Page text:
"Ignorance more frequently begets confidence than does knowledge: it is those who know little, not those who know much, who so positively assert that this or that problem will never be solved by science." - Charles Darwin.
This message is a reply to:
 Message 11 by Huntard, posted 07-20-2010 9:40 AM Huntard has responded

Replies to this message:
 Message 13 by Huntard, posted 07-20-2010 9:55 AM Parasomnium has not yet responded
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Huntard
Member (Idle past 152 days)
Posts: 2870
From: Limburg, The Netherlands
Joined: 09-02-2008


Message 13 of 702 (569101)
07-20-2010 9:55 AM
Reply to: Message 12 by Parasomnium
07-20-2010 9:51 AM


Re: Turtles and Tigers and Monkeys... Oh My!
Hmm...

Ok, forget I said anything. That subject is not on topic anyway.


This message is a reply to:
 Message 12 by Parasomnium, posted 07-20-2010 9:51 AM Parasomnium has not yet responded

  
Granny Magda
Member (Idle past 45 days)
Posts: 2372
From: UK
Joined: 11-12-2007


Message 14 of 702 (569103)
07-20-2010 10:02 AM
Reply to: Message 11 by Huntard
07-20-2010 9:40 AM


Re: Turtles and Tigers and Monkeys... Oh My!
Hi Huntard,

I'll do you one better. Dicky is still a monkey.

Well if you want to be like that about it, Feynman was a kind of highly derived fish.

Personally, I'm not too fussy about the distinction between "descended from monkeys" and "descended from a monkey-like ancestor". Whatever the last common ancestor of humans and monkeys was like, it would have been sufficiently monkey-like that, were it in a modern zoo, it would be kept in the Monkey House. "Descended from monkeys" is an over-simplification certainly, but it's hardly the worst thing I've ever heard a creationist say.

We're just not descended from turtles is all.

Mutate and Survive


"A curious aspect of the theory of evolution is that everybody thinks he understands it." - Jacques Monod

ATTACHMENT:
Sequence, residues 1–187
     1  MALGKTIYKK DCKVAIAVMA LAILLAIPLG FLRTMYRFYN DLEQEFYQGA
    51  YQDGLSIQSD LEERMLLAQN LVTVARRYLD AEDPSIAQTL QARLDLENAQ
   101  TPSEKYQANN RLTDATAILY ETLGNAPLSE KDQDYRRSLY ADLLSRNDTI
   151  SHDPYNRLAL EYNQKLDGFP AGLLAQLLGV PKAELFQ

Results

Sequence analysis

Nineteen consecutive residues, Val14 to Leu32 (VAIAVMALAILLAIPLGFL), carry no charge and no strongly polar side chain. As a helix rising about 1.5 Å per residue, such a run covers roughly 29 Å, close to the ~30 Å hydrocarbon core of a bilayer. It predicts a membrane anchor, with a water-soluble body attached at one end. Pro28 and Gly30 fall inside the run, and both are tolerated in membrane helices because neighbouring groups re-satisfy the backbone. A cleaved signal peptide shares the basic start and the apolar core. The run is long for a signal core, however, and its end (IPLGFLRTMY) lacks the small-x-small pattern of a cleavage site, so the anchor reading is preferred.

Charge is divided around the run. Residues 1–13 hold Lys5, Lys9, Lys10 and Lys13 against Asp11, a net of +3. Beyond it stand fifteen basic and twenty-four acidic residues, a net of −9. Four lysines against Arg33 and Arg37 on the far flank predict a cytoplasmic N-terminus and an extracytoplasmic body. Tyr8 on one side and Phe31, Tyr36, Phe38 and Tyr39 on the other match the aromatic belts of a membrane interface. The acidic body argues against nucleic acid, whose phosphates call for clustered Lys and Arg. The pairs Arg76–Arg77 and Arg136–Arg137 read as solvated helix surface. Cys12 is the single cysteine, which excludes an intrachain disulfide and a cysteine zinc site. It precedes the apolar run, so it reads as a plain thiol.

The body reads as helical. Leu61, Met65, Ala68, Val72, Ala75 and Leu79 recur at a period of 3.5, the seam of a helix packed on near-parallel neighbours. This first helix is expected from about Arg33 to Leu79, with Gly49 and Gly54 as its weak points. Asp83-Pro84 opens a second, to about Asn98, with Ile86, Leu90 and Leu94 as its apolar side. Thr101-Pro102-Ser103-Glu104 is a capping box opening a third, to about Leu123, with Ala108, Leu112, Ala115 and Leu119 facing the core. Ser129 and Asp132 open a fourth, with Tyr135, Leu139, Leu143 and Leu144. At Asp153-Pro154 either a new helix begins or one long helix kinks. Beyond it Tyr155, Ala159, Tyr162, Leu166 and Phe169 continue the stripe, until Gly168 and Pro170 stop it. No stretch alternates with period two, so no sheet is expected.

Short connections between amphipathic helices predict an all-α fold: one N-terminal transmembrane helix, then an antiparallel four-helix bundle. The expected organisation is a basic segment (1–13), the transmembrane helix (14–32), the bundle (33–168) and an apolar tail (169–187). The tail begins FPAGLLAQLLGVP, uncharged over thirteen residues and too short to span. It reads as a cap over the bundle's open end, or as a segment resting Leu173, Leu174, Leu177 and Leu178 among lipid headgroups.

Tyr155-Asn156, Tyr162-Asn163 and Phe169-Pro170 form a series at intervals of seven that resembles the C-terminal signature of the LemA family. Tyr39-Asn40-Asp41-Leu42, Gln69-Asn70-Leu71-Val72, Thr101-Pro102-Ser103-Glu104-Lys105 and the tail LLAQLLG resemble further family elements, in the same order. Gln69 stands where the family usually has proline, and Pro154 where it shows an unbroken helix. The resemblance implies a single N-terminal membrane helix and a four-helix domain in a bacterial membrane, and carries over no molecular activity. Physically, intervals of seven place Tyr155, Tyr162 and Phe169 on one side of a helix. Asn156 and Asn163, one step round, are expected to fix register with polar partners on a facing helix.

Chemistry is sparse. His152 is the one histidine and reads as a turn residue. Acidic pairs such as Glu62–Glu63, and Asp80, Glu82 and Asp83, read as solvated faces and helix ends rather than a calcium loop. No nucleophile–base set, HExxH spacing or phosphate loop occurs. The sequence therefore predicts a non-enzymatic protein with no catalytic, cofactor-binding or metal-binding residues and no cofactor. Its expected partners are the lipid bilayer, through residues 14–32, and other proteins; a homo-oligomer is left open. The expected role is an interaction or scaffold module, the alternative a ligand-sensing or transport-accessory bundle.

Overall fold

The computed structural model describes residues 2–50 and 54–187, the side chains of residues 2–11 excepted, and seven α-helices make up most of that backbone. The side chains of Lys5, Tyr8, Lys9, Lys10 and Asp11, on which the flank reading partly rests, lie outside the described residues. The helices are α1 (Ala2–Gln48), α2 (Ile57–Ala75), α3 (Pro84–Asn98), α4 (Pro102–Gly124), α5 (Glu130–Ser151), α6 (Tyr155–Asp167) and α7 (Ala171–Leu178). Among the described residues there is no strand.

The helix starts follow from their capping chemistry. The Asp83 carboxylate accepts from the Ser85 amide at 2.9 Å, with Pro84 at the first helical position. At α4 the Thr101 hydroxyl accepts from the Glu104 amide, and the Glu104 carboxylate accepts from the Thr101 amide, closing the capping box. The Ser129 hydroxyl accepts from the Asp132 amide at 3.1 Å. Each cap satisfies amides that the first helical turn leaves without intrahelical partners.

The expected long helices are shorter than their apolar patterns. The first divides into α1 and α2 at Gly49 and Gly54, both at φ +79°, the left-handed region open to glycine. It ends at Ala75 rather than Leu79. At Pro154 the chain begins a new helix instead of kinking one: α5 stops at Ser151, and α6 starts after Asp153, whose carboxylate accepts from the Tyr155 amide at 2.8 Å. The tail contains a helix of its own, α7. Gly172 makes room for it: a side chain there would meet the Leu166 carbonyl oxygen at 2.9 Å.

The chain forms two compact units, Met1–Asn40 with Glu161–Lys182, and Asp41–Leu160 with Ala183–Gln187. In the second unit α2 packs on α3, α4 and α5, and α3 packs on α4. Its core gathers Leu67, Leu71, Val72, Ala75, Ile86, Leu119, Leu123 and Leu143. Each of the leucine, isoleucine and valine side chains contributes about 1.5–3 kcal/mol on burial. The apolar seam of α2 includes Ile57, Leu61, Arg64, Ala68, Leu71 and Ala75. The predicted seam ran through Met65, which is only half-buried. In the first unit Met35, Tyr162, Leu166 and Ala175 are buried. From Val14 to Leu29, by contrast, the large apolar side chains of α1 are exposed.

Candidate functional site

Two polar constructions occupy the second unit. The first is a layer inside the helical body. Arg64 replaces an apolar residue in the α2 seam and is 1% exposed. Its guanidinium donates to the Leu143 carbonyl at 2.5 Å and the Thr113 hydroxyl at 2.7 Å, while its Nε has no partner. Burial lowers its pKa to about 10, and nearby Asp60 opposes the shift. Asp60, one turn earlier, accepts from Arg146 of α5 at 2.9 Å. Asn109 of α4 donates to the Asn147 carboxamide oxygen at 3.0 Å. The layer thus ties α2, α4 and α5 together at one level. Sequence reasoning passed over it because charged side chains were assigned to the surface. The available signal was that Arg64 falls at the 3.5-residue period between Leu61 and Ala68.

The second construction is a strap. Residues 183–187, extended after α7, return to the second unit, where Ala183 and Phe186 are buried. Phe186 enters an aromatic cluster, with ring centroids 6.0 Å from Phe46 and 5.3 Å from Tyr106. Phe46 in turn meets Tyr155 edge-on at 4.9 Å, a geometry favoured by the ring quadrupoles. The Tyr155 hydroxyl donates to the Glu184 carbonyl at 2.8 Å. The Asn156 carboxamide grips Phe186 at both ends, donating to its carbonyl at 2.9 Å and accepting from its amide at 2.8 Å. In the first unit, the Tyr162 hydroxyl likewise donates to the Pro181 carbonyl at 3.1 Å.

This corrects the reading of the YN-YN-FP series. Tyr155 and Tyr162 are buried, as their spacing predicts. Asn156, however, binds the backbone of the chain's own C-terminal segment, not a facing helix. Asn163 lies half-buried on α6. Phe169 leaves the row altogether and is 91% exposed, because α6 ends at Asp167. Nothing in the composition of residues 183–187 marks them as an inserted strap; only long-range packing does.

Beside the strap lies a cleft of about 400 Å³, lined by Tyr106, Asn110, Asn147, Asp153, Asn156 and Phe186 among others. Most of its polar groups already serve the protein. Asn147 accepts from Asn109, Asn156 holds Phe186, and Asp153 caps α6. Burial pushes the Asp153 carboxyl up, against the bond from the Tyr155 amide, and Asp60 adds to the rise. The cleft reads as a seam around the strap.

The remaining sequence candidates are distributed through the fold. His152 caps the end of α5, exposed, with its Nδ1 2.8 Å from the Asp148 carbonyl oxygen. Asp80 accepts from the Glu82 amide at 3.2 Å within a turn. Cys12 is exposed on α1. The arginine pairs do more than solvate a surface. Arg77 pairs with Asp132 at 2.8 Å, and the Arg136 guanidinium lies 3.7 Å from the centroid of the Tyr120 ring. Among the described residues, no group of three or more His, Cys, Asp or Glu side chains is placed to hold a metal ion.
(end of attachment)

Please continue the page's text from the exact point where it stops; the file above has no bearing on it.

This message is a reply to:
 Message 11 by Huntard, posted 07-20-2010 9:40 AM Huntard has responded

Replies to this message:
 Message 15 by Huntard, posted 07-20-2010 10:09 AM Granny Magda has acknowledged this reply

  
Huntard
Member (Idle past 152 days)
Posts: 2870
From: Limburg, The Netherlands
Joined: 09-02-2008


Message 15 of 702 (569105)
07-20-2010 10:09 AM
Reply to: Message 14 by Granny Magda
07-20-2010 10:02 AM


Re: Turtles and Tigers and Monkeys... Oh My!
Granny Magda writes:

Well if you want to be like that about it, Feynman was a kind of highly derived fish.


Personally, I'm not too fussy about the distinction between "descended from monkeys" and "descended from a monkey-like ancestor". Whatever the last common ancestor of humans and monkeys was like, it would have been sufficiently monkey-like that, were it in a modern zoo, it would be kept in the Monkey House. "Descended from monkeys" is an over-simplification certainly, but it's hardly the worst thing I've ever heard a creationist say.

Yeah, I agree. It isn't that bad to say that. The problem I have with it is that it conjures up images of modern monkeys "morphing" into humans wiht those not "in the know".

We're just not descended from turtles is all.

Nor from tigers.
This message is a reply to:
 Message 14 by Granny Magda, posted 07-20-2010 10:02 AM Granny Magda has acknowledged this reply